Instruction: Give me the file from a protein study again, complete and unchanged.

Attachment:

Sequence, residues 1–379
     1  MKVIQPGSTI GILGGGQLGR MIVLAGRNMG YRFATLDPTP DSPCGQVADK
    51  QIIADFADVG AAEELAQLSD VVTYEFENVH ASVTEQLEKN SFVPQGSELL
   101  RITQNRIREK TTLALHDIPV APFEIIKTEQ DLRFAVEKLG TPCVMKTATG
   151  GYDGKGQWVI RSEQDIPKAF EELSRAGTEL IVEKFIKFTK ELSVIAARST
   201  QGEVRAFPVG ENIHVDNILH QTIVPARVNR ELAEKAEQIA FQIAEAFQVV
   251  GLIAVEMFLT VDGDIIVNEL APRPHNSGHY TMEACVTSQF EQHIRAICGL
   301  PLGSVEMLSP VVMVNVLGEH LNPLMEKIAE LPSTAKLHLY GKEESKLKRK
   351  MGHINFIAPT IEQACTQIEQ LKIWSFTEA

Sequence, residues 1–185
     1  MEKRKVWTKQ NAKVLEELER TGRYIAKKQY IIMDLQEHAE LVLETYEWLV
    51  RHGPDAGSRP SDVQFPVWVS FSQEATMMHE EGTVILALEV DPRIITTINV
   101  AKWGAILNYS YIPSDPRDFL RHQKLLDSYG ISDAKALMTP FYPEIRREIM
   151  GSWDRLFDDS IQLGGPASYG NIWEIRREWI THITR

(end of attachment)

Sequence, residues 1–379
     1  MKVIQPGSTI GILGGGQLGR MIVLAGRNMG YRFATLDPTP DSPCGQVADK
    51  QIIADFADVG AAEELAQLSD VVTYEFENVH ASVTEQLEKN SFVPQGSELL
   101  RITQNRIREK TTLALHDIPV APFEIIKTEQ DLRFAVEKLG TPCVMKTATG
   151  GYDGKGQWVI RSEQDIPKAF EELSRAGTEL IVEKFIKFTK ELSVIAARST
   201  QGEVRAFPVG ENIHVDNILH QTIVPARVNR ELAEKAEQIA FQIAEAFQVV
   251  GLIAVEMFLT VDGDIIVNEL APRPHNSGHY TMEACVTSQF EQHIRAICGL
   301  PLGSVEMLSP VVMVNVLGEH LNPLMEKIAE LPSTAKLHLY GKEESKLKRK
   351  MGHINFIAPT IEQACTQIEQ LKIWSFTEA

Sequence, residues 1–185
     1  MEKRKVWTKQ NAKVLEELER TGRYIAKKQY IIMDLQEHAE LVLETYEWLV
    51  RHGPDAGSRP SDVQFPVWVS FSQEATMMHE EGTVILALEV DPRIITTINV
   101  AKWGAILNYS YIPSDPRDFL RHQKLLDSYG ISDAKALMTP FYPEIRREIM
   151  GSWDRLFDDS IQLGGPASYG NIWEIRREWI THITR